A video shared on a Juneau-oriented social media site showed what appeared to be a wolf trotting down the road near Mendenhall River Community School. That’s not necessarily a cause for concern or even surprise, said an Alaska Department of Fish and Game biologist.
“It is common to have wolves on the outskirts of Juneau,” said ADF&G area biologist Roy Churchwell in an email. “Not unheard of, but it is less common to have one that folks can see readily in the daylight walking paved roads.”
The department has no reports of damage by wolves to human property or pets, Churchwell said, though residents are welcome to report sightings to the department at (907) 465-4265.
“We would be especially interested in animals acting aggressive or causing damage, but we keep track of all reports,” Churchwell.
As with Juneau’s bear population, not leaving animal food out or pets unattended can reduce the risk of encountering wolves.
“That goes for all of Juneau all of the time, but especially when a wolf is observed in the area,” Churchwell said. “Also, like bears, an electric fence around chickens and other farm animals will deter them.”
Feeding wolves, which increases the risk of habituation, is illegal, Churchwell said. Wolves in Southeast Alaska tend to be darker and smaller than wolves in the northern part of the state. Male wolves in the interior range from 85 to 115 pounds, making them larger than most dogs, according to ADF&G.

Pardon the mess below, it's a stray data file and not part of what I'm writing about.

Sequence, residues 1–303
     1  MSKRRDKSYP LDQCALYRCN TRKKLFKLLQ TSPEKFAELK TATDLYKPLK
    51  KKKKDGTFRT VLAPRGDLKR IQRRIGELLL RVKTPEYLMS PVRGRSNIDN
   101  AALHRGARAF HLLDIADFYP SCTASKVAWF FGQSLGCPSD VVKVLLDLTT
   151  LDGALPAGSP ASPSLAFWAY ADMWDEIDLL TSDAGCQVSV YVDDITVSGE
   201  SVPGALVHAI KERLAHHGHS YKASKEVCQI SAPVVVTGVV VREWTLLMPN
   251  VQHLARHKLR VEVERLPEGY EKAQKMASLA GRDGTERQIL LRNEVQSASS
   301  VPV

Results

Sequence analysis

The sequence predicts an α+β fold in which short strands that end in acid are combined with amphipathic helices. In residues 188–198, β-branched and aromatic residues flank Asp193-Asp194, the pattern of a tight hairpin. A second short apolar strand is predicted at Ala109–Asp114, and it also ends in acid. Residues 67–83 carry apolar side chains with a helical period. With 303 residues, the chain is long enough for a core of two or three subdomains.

If you see a wolf
“If someone does spot a wolf it is similar to a bear in some respects except you should be more aggressive if it doesn’t back down and leave,” Churchwell said.
— Make noise, use an airhorn
— Don’t run, stare at it and act aggressive, shout and throw sticks (also your bear spray will work)
— If you are with others, group together
— If the animal continues to approach, stand your ground and fight with any means possible
“Within Juneau it is illegal (to hunt wolves) because you cannot hunt big game there under state regulations,” Churchwell said. “It would also be illegal to use a firearm there under Juneau City and Borough regulations. Wolf season is currently closed, the season runs from August 1 – April 30.”
All game taken in defense of life or property becomes the property of the state, according to the Alaska legal code, and all of the animal — including the claws, skull and fur — must be surrendered. It is legal to defend oneself or property as long as the necessity for the taking is not brought about by harassment or provocation of the animal, such as following it, and as long as all other efforts to protect life and property before resorting to killing are exhausted.
• Contact reporter Michael S. Lockett at (757) 621-1197 or firstname.lastname@example.org.